What I Call Erosion

Today’s sea seems tired of stealing
acres of sand from the beach.
What I call erosion, the waves call:
I wish the wind would stop rushing us,
I wish we could just take it slow.

In the beauty of whitecaps, I sometimes
see sadness, sometimes how lucky we are
to watch the sunrise one more time.

There’s so much we’re carrying these days—
the seabirds drop another clam shell on shore,
a killdeer runs across the dunes
trying to distract everyone from its nest.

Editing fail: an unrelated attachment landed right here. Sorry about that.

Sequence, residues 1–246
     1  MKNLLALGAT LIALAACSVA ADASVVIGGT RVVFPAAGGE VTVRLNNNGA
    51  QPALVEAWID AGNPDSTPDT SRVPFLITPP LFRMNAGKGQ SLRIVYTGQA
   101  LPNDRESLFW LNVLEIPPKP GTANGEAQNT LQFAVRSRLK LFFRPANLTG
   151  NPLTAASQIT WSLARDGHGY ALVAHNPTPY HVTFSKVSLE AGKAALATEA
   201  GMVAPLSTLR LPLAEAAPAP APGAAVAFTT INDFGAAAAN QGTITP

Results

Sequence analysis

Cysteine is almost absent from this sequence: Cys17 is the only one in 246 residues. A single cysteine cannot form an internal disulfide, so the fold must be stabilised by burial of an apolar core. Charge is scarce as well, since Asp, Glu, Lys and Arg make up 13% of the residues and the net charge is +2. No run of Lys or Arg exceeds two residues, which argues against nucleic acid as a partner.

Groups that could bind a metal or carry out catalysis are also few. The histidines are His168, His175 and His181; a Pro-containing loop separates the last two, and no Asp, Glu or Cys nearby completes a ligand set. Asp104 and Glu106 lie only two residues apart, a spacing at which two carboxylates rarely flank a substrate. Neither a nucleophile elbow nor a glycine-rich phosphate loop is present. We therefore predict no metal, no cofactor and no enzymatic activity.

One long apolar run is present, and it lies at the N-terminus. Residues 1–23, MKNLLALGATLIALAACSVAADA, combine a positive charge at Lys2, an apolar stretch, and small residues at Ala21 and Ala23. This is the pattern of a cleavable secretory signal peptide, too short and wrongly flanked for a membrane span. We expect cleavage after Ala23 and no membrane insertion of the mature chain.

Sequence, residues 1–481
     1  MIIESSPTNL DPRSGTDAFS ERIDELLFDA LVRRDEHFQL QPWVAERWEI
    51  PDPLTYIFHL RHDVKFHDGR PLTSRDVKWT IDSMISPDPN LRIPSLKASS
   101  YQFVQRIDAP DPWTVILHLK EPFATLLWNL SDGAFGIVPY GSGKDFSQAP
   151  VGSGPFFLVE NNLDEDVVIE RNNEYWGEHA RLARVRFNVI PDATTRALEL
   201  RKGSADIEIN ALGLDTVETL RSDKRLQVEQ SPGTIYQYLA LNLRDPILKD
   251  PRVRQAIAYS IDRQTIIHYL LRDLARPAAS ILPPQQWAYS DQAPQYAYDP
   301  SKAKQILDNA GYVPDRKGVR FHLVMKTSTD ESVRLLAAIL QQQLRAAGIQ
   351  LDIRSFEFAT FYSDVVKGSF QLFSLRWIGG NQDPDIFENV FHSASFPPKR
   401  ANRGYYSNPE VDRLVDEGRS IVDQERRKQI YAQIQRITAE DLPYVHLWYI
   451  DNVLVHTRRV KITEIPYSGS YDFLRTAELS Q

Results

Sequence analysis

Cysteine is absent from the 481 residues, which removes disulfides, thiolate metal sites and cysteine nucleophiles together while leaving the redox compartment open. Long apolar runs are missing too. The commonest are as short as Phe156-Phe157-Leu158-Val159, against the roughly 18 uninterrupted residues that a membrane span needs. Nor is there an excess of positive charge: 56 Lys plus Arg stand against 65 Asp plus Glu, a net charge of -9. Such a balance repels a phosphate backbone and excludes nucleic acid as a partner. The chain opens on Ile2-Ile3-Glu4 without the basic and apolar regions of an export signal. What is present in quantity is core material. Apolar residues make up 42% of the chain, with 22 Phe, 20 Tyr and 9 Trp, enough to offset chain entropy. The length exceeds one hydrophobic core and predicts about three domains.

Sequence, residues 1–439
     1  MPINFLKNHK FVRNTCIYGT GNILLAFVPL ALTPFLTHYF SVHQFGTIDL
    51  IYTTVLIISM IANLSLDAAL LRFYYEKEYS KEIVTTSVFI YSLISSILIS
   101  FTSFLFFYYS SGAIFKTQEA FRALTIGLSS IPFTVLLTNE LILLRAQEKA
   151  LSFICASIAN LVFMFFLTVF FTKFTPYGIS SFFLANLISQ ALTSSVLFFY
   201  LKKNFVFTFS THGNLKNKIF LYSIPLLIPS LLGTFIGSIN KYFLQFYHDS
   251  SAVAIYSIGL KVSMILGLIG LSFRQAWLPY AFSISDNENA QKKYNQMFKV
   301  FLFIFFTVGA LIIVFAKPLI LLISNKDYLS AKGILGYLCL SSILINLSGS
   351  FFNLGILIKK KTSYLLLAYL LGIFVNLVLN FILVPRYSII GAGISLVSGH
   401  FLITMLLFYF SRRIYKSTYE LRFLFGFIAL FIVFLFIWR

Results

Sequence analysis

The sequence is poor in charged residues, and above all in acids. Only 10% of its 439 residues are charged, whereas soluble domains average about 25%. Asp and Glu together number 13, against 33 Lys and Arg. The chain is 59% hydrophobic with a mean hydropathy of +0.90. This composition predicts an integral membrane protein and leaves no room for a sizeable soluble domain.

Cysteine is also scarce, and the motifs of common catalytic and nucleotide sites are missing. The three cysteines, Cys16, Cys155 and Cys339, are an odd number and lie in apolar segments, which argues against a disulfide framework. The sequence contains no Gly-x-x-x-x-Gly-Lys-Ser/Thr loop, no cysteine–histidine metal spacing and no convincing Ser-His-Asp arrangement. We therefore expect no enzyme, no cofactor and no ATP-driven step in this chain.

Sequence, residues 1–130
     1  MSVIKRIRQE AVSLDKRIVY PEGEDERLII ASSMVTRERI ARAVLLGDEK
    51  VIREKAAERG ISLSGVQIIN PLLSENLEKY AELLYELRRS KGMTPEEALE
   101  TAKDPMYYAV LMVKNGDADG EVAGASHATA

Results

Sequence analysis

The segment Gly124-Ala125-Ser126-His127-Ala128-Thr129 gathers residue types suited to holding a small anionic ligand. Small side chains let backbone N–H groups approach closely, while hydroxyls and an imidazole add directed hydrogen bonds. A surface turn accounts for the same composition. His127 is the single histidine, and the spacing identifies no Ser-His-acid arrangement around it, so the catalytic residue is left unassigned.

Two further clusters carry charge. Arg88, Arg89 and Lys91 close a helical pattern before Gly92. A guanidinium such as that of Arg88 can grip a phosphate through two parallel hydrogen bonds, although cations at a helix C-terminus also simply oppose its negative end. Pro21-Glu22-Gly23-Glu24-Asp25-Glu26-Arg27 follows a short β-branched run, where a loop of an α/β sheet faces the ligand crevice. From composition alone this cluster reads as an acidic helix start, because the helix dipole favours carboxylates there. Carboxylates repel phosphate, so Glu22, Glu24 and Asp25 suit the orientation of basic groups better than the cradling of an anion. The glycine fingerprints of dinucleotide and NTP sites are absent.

Danger, even when it’s not, is everywhere.
Sometimes I pretend to have a broken wing
as I look out my window. But then a cloudscape
in a world of buffleheads, of saltwater roses,

and I forget fear. It’s 7 a.m. on a Thursday
and an otter is pretending none of my concerns
matter. The otter, a sort of mad hatter,
is diving in and out of the waves, playful.

When the planet says, This is impossible,
the otter responds, Only if you believe it.